COLUMBIA, S.C. — Only days after the South Carolina Department of Health and Environmental Control announced it will dole out the COVID-19 vaccine to counties based on population alone, there is now push back from many advocacy groups that want the most vulnerable populations made a higher priority.
Channel 9 South Carolina reporter Greg Suskin has been following these developments closely, first covering this story last week when the SCDHEC decided the fastest way to get shots into arms was by giving out vaccine doses by population -- so the larger counties get more.
But on Monday, the state’s AARP and those who help people with disabilities, groups that focus on poverty, education, access to health care, and other issues, said the state’s most at-risk population is being ignored.
They want the SCDHEC to consider all those factors when it comes to where the COVID-19 vaccine is sent.
One advocate, Kimberly Tissot with AbleSC, gave the state a failing grade so far in this vaccine rollout.
“I’d give the state an ‘F’. Especially within the population I represent -- people with disabilities,” Tissot told Channel 9. “We have been completely disregarded and overlooked as if our lives don’t matter, aren’t worth saving.”
The state’s AARP chapter said DHEC using population as the only factor to determine where vaccine supplies are shipped is unfair.
“It doesn’t have to be either/or,” said Teresa Arnold with AARP. “We can still do a better job, yet target those who are most vulnerable.”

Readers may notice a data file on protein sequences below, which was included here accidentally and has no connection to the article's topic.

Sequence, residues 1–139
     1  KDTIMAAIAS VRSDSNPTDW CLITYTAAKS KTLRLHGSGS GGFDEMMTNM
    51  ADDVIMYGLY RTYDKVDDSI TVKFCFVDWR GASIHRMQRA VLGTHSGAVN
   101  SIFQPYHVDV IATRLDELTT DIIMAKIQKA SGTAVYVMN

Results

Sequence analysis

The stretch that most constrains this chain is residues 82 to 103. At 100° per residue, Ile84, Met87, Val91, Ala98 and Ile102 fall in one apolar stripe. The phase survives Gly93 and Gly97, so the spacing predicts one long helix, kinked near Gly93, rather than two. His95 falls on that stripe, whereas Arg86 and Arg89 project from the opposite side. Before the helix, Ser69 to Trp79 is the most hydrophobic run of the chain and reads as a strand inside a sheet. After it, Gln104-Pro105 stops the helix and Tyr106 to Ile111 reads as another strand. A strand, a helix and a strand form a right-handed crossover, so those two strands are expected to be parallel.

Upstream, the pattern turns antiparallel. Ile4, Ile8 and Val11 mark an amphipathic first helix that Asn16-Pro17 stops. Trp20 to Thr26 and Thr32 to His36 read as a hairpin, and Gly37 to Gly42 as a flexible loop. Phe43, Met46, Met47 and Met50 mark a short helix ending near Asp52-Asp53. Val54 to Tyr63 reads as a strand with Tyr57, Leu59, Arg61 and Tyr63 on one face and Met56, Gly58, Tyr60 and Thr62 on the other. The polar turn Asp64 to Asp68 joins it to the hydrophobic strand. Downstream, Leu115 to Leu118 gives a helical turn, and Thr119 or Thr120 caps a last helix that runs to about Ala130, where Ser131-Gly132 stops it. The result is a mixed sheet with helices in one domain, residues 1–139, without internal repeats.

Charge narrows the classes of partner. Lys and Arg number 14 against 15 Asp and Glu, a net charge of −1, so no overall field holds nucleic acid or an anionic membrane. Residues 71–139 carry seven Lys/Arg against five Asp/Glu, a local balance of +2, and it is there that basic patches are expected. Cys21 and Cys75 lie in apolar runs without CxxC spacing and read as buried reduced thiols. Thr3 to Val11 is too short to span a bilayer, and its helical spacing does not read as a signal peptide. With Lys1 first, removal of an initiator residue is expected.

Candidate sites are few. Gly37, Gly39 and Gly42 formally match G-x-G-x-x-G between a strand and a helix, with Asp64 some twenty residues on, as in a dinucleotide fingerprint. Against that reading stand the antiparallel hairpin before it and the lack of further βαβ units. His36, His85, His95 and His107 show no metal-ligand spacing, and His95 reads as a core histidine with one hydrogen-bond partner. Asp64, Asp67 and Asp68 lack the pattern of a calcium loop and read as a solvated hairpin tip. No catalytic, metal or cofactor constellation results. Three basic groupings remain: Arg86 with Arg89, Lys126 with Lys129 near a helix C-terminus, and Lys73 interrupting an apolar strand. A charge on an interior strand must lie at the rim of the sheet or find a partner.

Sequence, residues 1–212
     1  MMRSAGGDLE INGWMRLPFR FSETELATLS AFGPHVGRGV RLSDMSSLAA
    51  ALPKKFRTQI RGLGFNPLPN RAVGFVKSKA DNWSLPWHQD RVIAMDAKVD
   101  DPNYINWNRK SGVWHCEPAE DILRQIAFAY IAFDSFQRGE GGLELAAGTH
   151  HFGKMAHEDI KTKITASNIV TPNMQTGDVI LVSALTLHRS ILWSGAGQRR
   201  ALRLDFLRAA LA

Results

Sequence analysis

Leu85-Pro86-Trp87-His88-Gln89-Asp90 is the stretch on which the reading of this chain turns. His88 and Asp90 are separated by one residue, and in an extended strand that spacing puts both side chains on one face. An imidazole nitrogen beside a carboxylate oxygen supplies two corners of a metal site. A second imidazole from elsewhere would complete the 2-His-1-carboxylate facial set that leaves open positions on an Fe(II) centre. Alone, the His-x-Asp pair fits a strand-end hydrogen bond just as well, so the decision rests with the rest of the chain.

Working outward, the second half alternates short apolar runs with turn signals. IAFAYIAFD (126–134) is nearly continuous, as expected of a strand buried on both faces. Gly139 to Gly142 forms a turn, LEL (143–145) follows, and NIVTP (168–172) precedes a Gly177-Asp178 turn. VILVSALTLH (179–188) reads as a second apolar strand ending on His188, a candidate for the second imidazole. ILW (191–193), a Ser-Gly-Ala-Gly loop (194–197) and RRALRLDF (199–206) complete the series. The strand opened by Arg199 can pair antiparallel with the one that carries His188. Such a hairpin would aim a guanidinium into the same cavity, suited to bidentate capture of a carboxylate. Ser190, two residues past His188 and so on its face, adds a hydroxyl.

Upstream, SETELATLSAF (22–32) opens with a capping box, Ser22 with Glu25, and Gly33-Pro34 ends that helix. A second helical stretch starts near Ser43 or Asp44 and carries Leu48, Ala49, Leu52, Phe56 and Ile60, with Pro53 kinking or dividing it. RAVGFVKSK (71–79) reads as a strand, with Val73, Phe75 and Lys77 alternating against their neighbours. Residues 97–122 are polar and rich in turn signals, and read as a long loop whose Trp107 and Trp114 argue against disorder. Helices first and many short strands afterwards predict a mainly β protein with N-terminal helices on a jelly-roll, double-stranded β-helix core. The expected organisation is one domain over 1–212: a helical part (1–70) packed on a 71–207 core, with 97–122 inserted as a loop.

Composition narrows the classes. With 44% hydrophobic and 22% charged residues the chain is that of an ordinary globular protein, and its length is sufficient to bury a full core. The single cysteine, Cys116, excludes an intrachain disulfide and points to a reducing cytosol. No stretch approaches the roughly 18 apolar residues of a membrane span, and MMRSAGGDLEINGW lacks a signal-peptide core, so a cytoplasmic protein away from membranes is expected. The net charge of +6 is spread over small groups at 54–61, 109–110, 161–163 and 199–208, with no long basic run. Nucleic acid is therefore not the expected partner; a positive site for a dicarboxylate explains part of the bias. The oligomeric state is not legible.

Some say too much of the vaccine is going to hospitals in large cities. South Carolina has eight counties without any hospitals.
“Hospitals and health systems can’t necessarily be considered the central point of distribution to the public,” said Hank Povinelli. “Many communities have no access to hospital systems, no transportation to hospital facilities.”
Povinelli is a veteran and a cancer patient from Lancaster. He told Channel 9 his experience when trying to make a vaccination appointment.
“I tried to get a vaccine appointment the first day that the website opened up, and my vaccine appointment isn’t’ until the middle of February,” he said.
On Monday afternoon, the SCDHEC responded to the concerns about vulnerable populations by pointing to the small number of doses coming to the state, and efforts to vaccinate as many as they can as fast as they can.
“The difficulty, as always, is the very limited supply of vaccines we have right now,” said Dr. Michale Kacka with SCDHEC. “We don’t have enough vaccine for everyone who is in Phase 1A.”
Soon, it may be out of the state’s hands. A bill working its way through the state House would require a more regional approach to vaccine distribution -- and for the most vulnerable to be considered as a higher priority.
Cox Media Group